I've got to ride, ride like the wind to be free again.
He liked to make her laugh by mimicking the wind on his dashboard as he drove her home. Laugh, she did. Because she straddled the fence between geek and dork and because he was a handsome and popular jock, she relished the idea that he was flirting with her. Her! And he was offering her rides home. In his car. Not his dad’s car or his mom’s car but his little hotrod, a car featured in all teen angst movies as the model driven by handsome jocks. And she was riding in it.
It shouldn’t have meant what it did to her but she had been mostly ignored in the dating department. Her face had not yet grown into her large features and socially, she was awkward, wanting to debate whether Medea was the villain Euripedes portrayed her to be or whether she was misunderstood and had been driven mad by a fortune-and-younger-bride-seeking Jason. Most of her fellow students didn’t “get” her and, truth be told, she often did not get herself.
But she was in his car! With the windows down and the breeze blowing her hair just like in the movies! And they were listening to Christopher Cross and he was doing that little thing with his hands down the dashboard to make her laugh. And she laughed. And he walked her into her house and played pinball with her. And her mother stayed in bed where she typically spent her days until the girl’s father got home, leaving the two of them alone.
And she felt a little more accepted than she had just thirty minutes before.
It was toward the end of her junior year of high school, his senior year. Prom was coming up (no one asked her) as was his graduation and summertime. He drove her home a few times a week and they talked and laughed, though never deeply and never fully. He may have been using her but she did not know it, still does not know it.
As far as prom went, he and his best friend decided to go together, a couple of stags. Even though this was Oklahoma, second only to Texas in the homophobia wars, their antics were accepted because; hey, they were handsome and popular jocks, not pansy ass sissy boys. He did ask her where she would be on his prom night and she did tell him that she and a girlfriend were going to a kegger and then home. Her parents were out of town that weekend, you know.
He showed up at her front door late, perhaps midnight. Her memories are foggy and she had had a lot of beer at the party. What was she doing when he arrived? Watching tv with her girlfriend? Gossiping? Her memory has faded and she just remembers him being there and then she was kissing him and walking to her bedroom with him, virgin though she was. His friend had come along, too; and, at that moment, was making out with her friend on the sofa and doesn’t everyone deserve privacy now and then? Don’t they?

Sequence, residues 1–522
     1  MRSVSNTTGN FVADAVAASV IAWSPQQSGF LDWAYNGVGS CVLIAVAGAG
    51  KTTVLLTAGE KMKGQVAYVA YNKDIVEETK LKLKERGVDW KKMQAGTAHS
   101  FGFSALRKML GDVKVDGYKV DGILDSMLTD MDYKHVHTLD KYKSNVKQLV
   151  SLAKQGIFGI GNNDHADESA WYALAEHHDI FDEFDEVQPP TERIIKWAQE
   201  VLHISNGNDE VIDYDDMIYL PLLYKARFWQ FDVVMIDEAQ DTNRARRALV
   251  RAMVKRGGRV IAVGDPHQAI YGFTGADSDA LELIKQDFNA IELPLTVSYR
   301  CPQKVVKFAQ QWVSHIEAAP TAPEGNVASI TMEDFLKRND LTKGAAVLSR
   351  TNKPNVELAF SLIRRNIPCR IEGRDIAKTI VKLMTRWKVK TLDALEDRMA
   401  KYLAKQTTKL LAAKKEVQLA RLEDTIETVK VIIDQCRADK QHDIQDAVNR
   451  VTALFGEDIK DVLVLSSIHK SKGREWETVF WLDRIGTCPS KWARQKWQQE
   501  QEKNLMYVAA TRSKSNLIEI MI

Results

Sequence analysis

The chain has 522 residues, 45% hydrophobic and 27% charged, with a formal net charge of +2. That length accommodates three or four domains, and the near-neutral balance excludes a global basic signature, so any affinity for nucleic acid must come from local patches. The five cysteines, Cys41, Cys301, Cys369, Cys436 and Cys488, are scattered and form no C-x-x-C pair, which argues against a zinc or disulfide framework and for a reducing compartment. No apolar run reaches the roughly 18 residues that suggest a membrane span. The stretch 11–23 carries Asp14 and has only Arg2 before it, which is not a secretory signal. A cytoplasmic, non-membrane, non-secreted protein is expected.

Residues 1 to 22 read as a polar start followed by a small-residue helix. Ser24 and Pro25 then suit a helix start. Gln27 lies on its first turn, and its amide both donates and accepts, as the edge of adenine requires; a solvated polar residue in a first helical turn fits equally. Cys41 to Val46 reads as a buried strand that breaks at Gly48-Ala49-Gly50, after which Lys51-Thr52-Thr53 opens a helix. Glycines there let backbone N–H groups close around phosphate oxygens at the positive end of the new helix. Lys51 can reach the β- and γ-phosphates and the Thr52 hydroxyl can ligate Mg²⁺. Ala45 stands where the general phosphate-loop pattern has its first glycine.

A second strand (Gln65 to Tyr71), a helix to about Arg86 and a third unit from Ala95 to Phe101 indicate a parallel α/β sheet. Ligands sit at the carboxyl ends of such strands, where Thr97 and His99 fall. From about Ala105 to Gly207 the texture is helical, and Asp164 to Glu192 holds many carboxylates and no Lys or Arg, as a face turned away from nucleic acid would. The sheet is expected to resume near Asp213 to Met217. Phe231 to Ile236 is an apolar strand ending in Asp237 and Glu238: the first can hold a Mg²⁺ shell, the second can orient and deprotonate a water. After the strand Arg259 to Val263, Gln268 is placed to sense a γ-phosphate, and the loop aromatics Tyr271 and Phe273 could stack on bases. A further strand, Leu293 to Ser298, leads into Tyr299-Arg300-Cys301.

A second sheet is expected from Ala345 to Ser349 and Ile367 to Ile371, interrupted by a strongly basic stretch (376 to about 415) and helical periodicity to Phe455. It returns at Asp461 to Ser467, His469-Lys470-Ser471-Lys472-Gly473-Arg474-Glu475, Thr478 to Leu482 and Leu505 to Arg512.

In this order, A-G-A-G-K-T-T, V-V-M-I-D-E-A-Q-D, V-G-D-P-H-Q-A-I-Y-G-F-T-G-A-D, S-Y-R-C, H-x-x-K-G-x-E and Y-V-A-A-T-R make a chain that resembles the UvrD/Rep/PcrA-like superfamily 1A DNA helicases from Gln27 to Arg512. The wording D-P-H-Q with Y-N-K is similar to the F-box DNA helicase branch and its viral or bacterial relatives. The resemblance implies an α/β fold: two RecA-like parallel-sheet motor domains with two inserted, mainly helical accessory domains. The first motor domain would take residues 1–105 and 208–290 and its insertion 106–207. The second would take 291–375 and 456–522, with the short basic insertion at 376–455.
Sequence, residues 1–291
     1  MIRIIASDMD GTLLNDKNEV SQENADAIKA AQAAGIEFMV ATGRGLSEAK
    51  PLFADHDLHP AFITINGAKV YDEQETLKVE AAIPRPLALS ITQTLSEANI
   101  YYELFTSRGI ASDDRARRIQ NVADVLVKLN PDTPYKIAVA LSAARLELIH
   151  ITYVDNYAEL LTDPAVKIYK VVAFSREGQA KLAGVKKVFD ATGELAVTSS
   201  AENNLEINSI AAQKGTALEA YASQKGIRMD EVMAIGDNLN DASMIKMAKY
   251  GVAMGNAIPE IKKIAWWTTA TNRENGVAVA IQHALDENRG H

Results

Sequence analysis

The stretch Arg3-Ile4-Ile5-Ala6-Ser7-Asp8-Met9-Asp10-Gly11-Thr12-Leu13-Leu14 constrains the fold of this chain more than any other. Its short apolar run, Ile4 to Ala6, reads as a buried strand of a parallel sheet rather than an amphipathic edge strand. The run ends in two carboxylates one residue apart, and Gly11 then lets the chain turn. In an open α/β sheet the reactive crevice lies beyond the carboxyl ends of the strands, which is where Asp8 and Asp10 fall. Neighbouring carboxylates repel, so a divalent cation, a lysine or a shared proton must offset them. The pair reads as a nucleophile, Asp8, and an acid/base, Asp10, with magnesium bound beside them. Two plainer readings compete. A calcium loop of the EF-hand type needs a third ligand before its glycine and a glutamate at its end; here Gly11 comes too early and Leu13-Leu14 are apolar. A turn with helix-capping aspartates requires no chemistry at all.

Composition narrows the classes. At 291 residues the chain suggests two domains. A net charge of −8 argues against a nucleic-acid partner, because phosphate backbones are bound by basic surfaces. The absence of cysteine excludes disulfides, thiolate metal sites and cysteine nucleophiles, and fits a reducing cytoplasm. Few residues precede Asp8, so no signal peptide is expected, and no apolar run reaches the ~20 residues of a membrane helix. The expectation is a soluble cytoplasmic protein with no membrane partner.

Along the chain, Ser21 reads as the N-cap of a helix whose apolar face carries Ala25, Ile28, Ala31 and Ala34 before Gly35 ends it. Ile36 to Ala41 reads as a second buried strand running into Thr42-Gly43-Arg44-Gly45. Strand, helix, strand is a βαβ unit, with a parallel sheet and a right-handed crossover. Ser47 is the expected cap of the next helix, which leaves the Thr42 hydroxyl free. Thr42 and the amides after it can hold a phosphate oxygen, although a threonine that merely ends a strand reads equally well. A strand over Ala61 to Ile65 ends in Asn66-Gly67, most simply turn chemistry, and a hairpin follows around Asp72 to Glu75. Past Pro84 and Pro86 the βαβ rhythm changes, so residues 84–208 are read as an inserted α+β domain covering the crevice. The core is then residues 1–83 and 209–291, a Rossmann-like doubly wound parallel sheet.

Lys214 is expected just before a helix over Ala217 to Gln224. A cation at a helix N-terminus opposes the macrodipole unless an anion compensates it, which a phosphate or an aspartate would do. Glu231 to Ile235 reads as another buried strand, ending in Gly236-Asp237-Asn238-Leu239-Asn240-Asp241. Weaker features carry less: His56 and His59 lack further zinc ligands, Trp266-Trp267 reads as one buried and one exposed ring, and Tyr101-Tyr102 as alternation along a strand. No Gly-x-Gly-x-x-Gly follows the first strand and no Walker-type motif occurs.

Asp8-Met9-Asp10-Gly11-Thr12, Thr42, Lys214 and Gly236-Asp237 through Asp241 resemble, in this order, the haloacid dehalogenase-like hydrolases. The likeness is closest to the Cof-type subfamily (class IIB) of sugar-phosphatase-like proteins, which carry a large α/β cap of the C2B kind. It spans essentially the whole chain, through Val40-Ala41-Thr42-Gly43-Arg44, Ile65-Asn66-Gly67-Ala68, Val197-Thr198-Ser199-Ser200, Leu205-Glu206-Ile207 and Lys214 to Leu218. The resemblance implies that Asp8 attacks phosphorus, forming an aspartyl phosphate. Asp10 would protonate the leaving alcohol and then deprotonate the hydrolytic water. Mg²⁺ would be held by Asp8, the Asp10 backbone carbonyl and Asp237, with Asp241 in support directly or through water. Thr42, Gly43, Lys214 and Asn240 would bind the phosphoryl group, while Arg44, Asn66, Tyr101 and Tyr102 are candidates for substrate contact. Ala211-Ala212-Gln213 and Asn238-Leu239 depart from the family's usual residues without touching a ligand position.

Kissing and kissing, leaning against her bed and then on her bed. Shirt tails came untucked, bra straps were lowered, eyes were released from their hooks. And then the words, “Let’s shuck these pants.”
Years later, she would recall these words and laugh at his choosing them but now she was excited and wanting. The beer and lust made her pliant and uninhibited and she nodded, unsure whether he knew she had not done this before. Did she tell him? The fog and beer have kept the memory hidden; she doesn’t know but she thinks so.
God, it hurt and it felt good; it left her breathless and confused, knowing but still unsure of what had just happened, unsettled over how it would affect her/their future. And then he was gone, leaving behind a soon-to-be-hungover high school junior and his wallet. She left behind the physical evidence of what losing one’s virginity entails for a female and spent a large part of the next day attempting to remove it from her mattress.
Sometime during her cleaning, he came back. Eyes not meeting hers, he asked for his wallet and left, without kissing her or mentioning what they had shared. To this day, this is the last time she remembers seeing him.
She knows she must have seen him again. After all, the prom pictures made the yearbook and he signed it, too; writing something about her having fun at prom, prom being underlined. She knows she did not see him once his senior year was over.
Only recently did she find him, not that she searched all this time, just that she kept her ears and eyes alert since the classmates.com and Facebook era. Beyond the casual how-ya-beens, they haven’t corresponded and she doubts they will. Seriously? It’s been thirty years. The statute of limitations ran out long ago.
By the way, she decided to side with Medea.